There are many great reasons to become a nurse practitioner, from good career prospects to high levels of job satisfaction. Demand for nurses is increasing rapidly and is predicted to grow far faster than in many other sectors. Therefore, it is a particularly good time to take steps to advance your career in nursing.
1. Greater responsibility
The role of a nurse practitioner now incorporates greater levels of responsibility than years ago. This is partly due to the severe shortage of physicians in the US. Nurse practitioners are expected to take on a wider range of tasks to meet the demand for health care provision. Without this expansion of responsibilities, patients would face far longer wait times in the current climate. This is particularly true in rural areas, where there are often insufficient physicians to meet the needs of the local populations. Nurse practitioners have more autonomy than registered nurses, and many states have updated their regulations to expand the scope of the roles which nurse practitioners can fill. Nurse practitioners can conduct diagnoses, order tests, prescribe medication and make recommendations for lifestyle changes.
2. High demand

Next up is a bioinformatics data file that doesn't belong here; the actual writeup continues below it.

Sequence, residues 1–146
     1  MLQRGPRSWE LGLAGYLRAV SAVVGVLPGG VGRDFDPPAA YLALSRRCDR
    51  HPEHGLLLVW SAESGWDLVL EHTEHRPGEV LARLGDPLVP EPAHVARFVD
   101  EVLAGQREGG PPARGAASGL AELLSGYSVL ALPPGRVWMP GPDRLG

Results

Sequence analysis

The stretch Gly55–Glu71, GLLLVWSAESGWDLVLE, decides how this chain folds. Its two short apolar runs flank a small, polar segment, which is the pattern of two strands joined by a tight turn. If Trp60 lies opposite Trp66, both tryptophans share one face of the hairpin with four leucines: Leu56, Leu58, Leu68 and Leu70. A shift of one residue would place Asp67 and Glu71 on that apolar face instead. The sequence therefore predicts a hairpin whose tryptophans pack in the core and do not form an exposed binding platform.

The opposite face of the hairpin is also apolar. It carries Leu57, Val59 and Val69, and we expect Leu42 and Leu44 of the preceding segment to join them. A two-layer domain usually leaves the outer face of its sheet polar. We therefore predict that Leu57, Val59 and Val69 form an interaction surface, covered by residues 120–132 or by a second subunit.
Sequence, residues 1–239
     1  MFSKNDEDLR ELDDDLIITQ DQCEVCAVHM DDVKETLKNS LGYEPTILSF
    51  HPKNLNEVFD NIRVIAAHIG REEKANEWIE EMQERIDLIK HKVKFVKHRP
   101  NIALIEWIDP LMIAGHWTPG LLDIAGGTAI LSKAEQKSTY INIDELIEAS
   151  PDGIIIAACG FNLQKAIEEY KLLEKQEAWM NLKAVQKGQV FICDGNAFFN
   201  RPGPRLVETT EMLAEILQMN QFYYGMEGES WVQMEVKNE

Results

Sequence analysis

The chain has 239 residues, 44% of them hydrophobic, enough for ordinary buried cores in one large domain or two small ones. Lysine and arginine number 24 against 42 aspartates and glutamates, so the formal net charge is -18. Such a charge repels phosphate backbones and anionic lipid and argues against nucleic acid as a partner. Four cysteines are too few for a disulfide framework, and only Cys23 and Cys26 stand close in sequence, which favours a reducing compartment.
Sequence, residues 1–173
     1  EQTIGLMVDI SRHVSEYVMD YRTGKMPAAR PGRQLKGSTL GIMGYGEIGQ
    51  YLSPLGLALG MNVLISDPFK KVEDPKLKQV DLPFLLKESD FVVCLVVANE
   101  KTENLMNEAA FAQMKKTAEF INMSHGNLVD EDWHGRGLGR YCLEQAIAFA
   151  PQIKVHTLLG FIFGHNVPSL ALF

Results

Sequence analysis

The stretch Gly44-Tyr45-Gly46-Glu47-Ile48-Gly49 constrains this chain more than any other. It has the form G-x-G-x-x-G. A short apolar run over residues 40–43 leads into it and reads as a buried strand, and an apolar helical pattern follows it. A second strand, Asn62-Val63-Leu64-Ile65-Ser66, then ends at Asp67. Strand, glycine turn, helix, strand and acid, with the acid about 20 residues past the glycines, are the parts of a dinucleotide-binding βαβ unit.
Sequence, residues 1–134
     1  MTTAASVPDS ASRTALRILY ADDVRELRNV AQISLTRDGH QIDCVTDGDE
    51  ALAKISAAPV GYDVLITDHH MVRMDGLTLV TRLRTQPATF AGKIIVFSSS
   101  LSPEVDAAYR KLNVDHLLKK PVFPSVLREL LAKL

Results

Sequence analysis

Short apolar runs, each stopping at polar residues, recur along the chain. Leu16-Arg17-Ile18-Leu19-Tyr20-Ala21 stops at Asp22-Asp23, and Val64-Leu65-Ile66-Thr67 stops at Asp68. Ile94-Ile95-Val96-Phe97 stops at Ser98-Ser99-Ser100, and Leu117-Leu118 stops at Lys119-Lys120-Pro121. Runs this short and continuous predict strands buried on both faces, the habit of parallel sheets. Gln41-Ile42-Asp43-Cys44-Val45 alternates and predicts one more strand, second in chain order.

The nurse practitioner role is the fourth fastest-growing occupation in the US. There are plenty of vacancies for nurses at all levels, but nurse practitioners are in particularly high demand because of their additional skills and experience. According to figures from the Bureau of Labor Statistics (BLS), the growth rate for nurse practitioners between 2021 and 2031 will be 40% — significantly above the average occupation growth of 5%. There are over 121,000, according to the American Association of Nurse Practitioners (AANP). The aging population in the US is a major contributor to the growing demand for health care services. On average, older people tend to have two or more health conditions that ring ongoing medical support. This increased demand for healthcare provision, which is not currently being matched by supply, means greater job security for those in the healthcare sector. Advancing to the nurse practitioner level puts you in an even better position for moving into the roles you aspire to.